Overall, there were no differences in participants' age, reproductive history, use of estrogen, BMI, or other potential risk factors for cancer by genotype (Table 1). The frequency of the C/C genotype was 14.9%, the T/C genotype was 48.6%, and the T/T genotype was 36.7%; there was no evidence of departure from Hardy-Weinberg equilibrium (P = .23).

Table Graphic Jump LocationTable 1. Characteristics of Women at Baseline by Genotype of TGF-β1 at Position 29

During a mean (SD) of 9.3 (1.9) years of follow-up, 146 women developed breast cancer, including 10 women with the C/C allele (2.3 per 1000 person-years), 80 with the T/C genotype (5.8 per 1000 person-years), and 56 with the T/T genotype (5.4 per 1000 person-years). The risk of breast cancer was markedly lower among women with the C/C genotype (Figure 1) when compared with women who had the T/T genotype (HR, 0.43; 95% CI, 0.22-0.84; P = .01) (Table 2) or when compared with women who had at least 1 T allele (HR, 0.42; 95% CI, 0.22-0.79; P = .007). Adjusting for age, age at menarche, age at menopause, parity, estrogen use, and BMI did not substantially alter the magnitude of the relations between the C/C genotype and the risk of breast cancer when compared with the T/T genotype (HR, 0.36; 95% CI, 0.17-0.75; P = .007) or when compared with women who had at least 1 T allele (HR, 0.31; 95% CI, 0.15-0.67; P = .003). There was no detectable difference in breast cancer risk between women with the T/C genotype and those homozygous for the T allele in unadjusted (HR, 1.06; 95% CI, 0.75-1.49; P = .74) or adjusted analyses (HR, 1.04; 95% CI, 0.73-1.48; P = .85).

Figure. Cumulative Probability of Developing Breast Cancer
Graphic Jump Location
Table Graphic Jump LocationTable 2. Risk of Breast Cancer by TGF-β1 Genotype at Position 29*

Family history of a first-degree relative with breast cancer was associated with a nonsignificant increase in the risk of breast cancer (adjusted HR, 1.3; 95% CI, 0.8-2.0; P = .31). Addition of TGF-β1 genotype to the multivariable model did not significantly change this association (HR, 1.2; 95% CI, 0.7-2.0; P = .49).

There was no relation between TGF-β1 genotype and hip bone mineral density (Table 1). Addition of hip bone mineral density to the multivariable model did not alter the relation between the C/C genotype and breast cancer risk (HR, 0.36; 95% CI, 0.17-0.75; P = .007) or the T/C genotype and breast cancer risk (HR, 1.04; 95% CI, 0.73-1.48; P = .84).

Among women who developed breast cancer, those with the C/C genotype were significantly older at diagnosis than those with the other genotypes (Table 3). There were no significant differences in the estrogen-receptor status or stage at diagnosis of breast cancers among women of different genotypes (Table 3).

Table Graphic Jump LocationTable 3. Clinical Characteristics of Breast Cancer Cases by TGF-β1 Genotype*

We found that the C/C genotype at nucleotide 29 of the TGF-β1 gene was associated with markedly reduced risk of breast cancer in women older than 65 years in comparison with the T/C and T/T genotypes. Our finding supports the results of studies in cell lines and transgenic mice. In vitro studies have shown that increased activity in the TGF-β1 pathway is a potent inhibitor of most mammary cell lines.16,17 Transgenic mice with single gene deletion of TGF-β1 are more susceptible to liver and lung tumors induced by carcinogens.7 Transgenic mice with increased expression of TGF-β1 under a murine mammary tumor virus promoter develop hypoplastic mammary glands in comparison with wild-type mice and have lower susceptibility to carcinogen-induced mammary tumors.8 A study of Japanese men and women has found that the C/C genotype was associated with higher serum levels of TGF-β1 than either the T/T or T/C genotype.11 Thus, increased serum levels in subjects with the C/C genotype may contribute to long-term suppression of mammary epithelial growth and lead to lower risk of breast cancer.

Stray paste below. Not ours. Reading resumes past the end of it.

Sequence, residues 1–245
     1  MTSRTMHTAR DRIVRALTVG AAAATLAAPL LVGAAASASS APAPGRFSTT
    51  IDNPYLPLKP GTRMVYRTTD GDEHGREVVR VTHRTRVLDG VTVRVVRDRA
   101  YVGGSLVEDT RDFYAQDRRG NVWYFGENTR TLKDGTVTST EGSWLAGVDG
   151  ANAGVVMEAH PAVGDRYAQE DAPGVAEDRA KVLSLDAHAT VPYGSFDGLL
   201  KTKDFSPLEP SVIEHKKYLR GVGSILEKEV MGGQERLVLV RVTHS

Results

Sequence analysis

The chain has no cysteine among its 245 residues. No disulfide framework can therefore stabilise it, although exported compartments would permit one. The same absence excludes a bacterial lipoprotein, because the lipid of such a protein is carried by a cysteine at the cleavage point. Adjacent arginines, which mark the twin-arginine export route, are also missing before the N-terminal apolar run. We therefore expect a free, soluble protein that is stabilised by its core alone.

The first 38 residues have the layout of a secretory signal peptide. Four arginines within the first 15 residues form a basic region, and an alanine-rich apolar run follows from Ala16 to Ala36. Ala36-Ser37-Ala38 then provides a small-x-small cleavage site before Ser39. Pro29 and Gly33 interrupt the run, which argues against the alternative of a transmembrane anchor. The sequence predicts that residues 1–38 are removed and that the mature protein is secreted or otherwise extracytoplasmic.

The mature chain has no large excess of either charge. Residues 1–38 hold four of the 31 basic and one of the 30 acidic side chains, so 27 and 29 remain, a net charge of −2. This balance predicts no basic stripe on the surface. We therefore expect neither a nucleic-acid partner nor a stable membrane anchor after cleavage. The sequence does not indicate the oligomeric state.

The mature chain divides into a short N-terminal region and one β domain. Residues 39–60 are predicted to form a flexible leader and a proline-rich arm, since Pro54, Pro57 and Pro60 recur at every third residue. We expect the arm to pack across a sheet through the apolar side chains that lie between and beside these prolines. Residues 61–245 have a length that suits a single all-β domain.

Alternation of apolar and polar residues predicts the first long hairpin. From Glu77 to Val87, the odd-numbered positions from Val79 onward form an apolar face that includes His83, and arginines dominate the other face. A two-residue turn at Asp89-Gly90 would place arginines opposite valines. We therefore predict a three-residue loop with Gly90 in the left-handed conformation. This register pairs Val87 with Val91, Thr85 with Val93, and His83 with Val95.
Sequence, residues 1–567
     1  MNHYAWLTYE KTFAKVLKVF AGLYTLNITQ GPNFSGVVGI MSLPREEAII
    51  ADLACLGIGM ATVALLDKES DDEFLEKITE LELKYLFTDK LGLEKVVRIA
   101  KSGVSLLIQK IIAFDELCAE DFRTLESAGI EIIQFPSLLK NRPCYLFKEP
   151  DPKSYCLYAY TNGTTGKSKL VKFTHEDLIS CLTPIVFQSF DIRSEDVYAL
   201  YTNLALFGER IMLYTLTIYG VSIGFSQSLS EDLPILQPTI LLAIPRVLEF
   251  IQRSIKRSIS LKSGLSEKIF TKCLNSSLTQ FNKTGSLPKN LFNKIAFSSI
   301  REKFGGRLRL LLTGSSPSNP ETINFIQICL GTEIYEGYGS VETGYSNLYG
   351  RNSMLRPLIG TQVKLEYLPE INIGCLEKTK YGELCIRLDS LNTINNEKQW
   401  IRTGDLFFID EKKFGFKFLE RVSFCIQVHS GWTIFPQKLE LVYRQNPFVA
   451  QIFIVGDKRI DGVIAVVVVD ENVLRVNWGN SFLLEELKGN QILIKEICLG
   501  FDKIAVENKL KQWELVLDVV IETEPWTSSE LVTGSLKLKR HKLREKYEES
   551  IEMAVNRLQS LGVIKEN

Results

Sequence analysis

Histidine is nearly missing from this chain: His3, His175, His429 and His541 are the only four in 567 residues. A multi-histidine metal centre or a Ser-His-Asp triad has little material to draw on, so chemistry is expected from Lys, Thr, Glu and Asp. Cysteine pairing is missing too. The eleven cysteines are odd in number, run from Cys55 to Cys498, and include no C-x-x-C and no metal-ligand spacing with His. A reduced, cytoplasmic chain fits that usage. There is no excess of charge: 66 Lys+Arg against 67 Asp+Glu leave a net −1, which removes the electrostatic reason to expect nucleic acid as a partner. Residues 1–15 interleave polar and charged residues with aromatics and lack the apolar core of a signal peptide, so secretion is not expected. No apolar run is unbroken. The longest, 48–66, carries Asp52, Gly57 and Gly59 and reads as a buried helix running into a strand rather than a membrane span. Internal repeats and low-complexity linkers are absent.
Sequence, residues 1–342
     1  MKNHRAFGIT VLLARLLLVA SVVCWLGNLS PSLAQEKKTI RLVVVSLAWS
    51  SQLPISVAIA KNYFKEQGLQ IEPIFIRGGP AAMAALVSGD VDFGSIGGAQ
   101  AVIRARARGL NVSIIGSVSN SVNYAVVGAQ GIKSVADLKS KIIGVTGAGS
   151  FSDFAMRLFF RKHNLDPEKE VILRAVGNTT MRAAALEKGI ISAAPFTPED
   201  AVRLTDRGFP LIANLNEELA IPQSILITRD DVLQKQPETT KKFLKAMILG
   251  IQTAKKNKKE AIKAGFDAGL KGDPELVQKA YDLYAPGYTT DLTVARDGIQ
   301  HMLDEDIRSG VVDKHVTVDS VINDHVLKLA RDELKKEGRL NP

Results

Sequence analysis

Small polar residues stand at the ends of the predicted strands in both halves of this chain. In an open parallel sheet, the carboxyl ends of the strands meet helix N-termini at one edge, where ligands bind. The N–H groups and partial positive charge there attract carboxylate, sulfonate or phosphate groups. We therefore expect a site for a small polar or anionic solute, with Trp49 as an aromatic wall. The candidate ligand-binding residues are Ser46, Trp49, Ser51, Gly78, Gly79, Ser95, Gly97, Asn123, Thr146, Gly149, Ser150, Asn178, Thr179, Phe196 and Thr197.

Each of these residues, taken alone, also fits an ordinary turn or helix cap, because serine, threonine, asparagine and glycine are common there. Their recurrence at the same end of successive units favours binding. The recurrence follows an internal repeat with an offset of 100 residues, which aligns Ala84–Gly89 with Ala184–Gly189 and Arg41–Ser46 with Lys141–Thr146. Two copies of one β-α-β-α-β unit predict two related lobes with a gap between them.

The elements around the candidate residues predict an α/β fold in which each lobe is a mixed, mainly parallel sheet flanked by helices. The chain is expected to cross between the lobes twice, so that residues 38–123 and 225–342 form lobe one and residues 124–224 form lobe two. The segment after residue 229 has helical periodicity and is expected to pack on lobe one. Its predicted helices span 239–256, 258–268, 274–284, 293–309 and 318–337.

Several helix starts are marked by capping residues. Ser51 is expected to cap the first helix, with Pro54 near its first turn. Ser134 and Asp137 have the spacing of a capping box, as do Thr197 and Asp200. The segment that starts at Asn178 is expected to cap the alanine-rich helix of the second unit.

Although the T/C genotype appears to be associated with intermediate serum levels of TGF-β1,11 we did not find a difference in breast cancer risk between women with the T/C genotype and the T/T genotype. One explanation may be that heterozygosity for this polymorphism confers an intermediate-risk status that we could not discern. However, the T/C genotype was the most common genotype in our sample, and the CI for the HR for the T/C allele and breast cancer (as compared with the T/T allele) was relatively narrow (0.75-1.49). Another possibility is that the increased serum levels of TGF-β1 that are associated with the C allele require a threshold effect to reduce risk.

We and others13,14 have shown that women with lower bone mineral density have a reduced risk of breast cancer. In Japanese women, the C/C genotype (which was associated with lower risk of breast cancer in this study) is associated with greater bone mass.12,18 However, we did not find any association between TGF-β1 genotype and bone mineral density in this study, and including bone mineral density in the multivariable models did not change the association between TGF-β1 genotype and breast cancer risk.